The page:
Vietnam’s outstanding performance in the fight against the COVID-19 pandemic has been the subject of praise globally. So far, the country has managed to keep COVID-19 deaths to zero. Of the 262 recorded cases to date, 144 have recovered, and the remaining 118 are in stable condition.
But the country’s organized healthcare system that we can be proud of didn’t come overnight. It is the result of a series of well-executed plans that Vietnam has taken ever since the outbreak first began.
Here are the 8 things the Vietnamese government has done well to contain the pandemic:
Image credit: Bệnh Viện Sản Nhi Quảng Ninh
Vietnam was one of the first countries to recognize the threat from an early stage and take the necessary preventive measures. From January, when the novel coronavirus was still novel, the government was already warning people against traveling to Wuhan, where it originated.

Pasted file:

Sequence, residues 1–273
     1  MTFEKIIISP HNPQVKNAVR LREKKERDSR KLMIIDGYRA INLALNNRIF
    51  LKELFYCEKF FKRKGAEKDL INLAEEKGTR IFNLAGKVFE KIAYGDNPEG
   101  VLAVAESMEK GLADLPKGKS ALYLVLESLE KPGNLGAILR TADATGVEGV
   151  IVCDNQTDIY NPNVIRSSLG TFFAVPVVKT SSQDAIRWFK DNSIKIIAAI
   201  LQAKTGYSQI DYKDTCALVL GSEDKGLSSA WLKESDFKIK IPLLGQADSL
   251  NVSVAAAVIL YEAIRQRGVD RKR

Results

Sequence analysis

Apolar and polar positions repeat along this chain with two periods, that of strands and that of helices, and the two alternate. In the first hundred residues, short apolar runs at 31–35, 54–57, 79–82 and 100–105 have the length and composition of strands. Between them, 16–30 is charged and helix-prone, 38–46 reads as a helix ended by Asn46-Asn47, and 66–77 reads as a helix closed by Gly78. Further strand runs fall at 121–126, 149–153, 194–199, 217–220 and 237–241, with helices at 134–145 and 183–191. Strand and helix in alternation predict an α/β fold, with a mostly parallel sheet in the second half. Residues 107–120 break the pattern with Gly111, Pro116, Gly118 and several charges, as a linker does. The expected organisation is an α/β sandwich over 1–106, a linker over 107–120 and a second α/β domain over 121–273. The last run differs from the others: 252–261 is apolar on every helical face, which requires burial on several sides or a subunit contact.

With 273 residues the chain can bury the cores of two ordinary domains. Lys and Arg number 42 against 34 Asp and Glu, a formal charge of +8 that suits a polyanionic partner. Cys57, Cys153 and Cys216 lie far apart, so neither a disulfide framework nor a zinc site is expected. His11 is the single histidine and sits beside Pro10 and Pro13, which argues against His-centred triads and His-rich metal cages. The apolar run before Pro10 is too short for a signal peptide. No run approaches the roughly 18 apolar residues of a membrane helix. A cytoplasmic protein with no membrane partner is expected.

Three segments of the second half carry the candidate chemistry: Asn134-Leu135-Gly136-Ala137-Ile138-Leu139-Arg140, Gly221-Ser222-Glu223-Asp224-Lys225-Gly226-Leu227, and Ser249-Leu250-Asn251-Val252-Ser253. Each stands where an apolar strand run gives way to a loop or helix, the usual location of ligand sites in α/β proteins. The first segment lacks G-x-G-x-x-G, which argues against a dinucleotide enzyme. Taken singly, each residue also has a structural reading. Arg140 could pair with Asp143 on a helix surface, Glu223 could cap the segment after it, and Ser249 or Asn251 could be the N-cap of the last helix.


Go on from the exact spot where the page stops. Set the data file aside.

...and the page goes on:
The first 2 known COVID-19 patients in the country, a Chinese man coming from Wuhan to Hanoi in mid-January and his son, who had been working in Vietnam, were quickly quarantined upon testing positive.
Later, in February, when 11 COVID-19 cases were discovered in the Sơn Lôi Village in the northern province of Vĩnh Phúc, including workers returning from Wuhan for the Lunar New Year and their relatives, the government quickly isolated the entire village to contain the disease.
Trúc Bạch Street was immediately locked down when Case 17 was reported there
Image credit: Vietnam Times
The Vietnamese government has proven that it is prepared to handle a medical emergency in a short amount of time.